Tennessee has put forth yet another measure to outlaw the Affordable Care Act (ACA) in the state. This one not only bars the state from setting up an exchange, it also bars government agencies, and possibly their contractors, from providing health insurance to their workers through healthcare.gov. In fact, it would make it illegal for the university system, local and county governments, and any other public agency to participate in the ACA in any way.
What’s in this particular bill?
Section 3, paragraph D says:
“A health insurance contract purchased or established in violation of this section shall be void and shall not be enforced by the courts of the state.” [SOURCE]
What, exactly, does this mean? It’s confusing even in the context of the rest of the bill. Section 3 describes the health care exchanges and spells out which agencies are not allowed to create their own exchanges or use healthcare.gov for anything. It also spells out, clearly, that they are not allowed to participate in the ACA, period. But that last section doesn’t quite fit in. In fact, it appears to leave the 36,000 people who’ve already bought insurance through the ACA in limbo.
Now, Section 2, paragraph A says:
“No powers, assets, employees, agents, or contractors of the state, including any institution under the control of the University of Tennessee or the Tennessee board of regents, or any political subdivision, municipality, or other local government entity shall be used to assist in implementing the federal Patient Protection and Affordable Care Act of 2010, or any subsequent federal amendment to such act.”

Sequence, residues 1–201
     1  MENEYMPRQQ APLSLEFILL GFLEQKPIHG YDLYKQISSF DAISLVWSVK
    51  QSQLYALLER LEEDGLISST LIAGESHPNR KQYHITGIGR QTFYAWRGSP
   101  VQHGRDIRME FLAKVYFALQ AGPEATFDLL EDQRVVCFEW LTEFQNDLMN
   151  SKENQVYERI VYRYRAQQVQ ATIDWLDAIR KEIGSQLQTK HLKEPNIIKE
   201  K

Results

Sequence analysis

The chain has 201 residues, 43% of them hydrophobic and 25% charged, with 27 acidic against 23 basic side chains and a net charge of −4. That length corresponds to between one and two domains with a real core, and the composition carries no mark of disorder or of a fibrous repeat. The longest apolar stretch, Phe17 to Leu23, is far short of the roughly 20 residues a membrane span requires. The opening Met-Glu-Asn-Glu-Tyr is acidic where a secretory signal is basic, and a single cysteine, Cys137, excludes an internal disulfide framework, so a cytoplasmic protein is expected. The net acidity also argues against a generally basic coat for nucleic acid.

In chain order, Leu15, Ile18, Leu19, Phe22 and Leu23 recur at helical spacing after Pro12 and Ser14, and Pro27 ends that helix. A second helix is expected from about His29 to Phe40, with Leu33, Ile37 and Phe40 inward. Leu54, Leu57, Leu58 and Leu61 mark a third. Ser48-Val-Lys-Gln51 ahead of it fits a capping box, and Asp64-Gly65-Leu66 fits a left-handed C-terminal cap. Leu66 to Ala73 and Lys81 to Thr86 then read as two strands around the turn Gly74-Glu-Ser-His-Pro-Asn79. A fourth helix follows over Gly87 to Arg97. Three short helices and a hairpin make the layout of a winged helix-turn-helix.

When put together with Section 3, paragraph D, it’s not clear what will happen to those 36,000 people. Also, the vague language makes it sound like either people with ACA plans, or public hospitals, or both, could be punished for daring to participate in the ACA.
The bill’s sponsor, like other Republicans, sees the Affordable Care Act as a gross government overreach.
The bill’s sponsor, State Senator Mae Beavers, said that the federal government obviously wants total control over health insurance. She, like others in the GOP, think that the Affordable Care Act violates both the 10th Amendment and Section 1 of the Constitution. South Carolina and Georgia are also trying to outlaw the Affordable Care Act. It’s like she sees Tennessee standing in solidarity with everyone who disagrees with the new healthcare law.
Unfortunately, Tennessee’s effort will likely face serious legal problems. Beavers, and others, think they’re on solid legal ground this time. However, the courts have struck down nullification efforts many times over. And Tennessee’s governor said that he hasn’t reviewed the bill yet, so he doesn’t know the impact it’s likely to have. It’s doubtful that this effort will succeed any more than any other efforts have.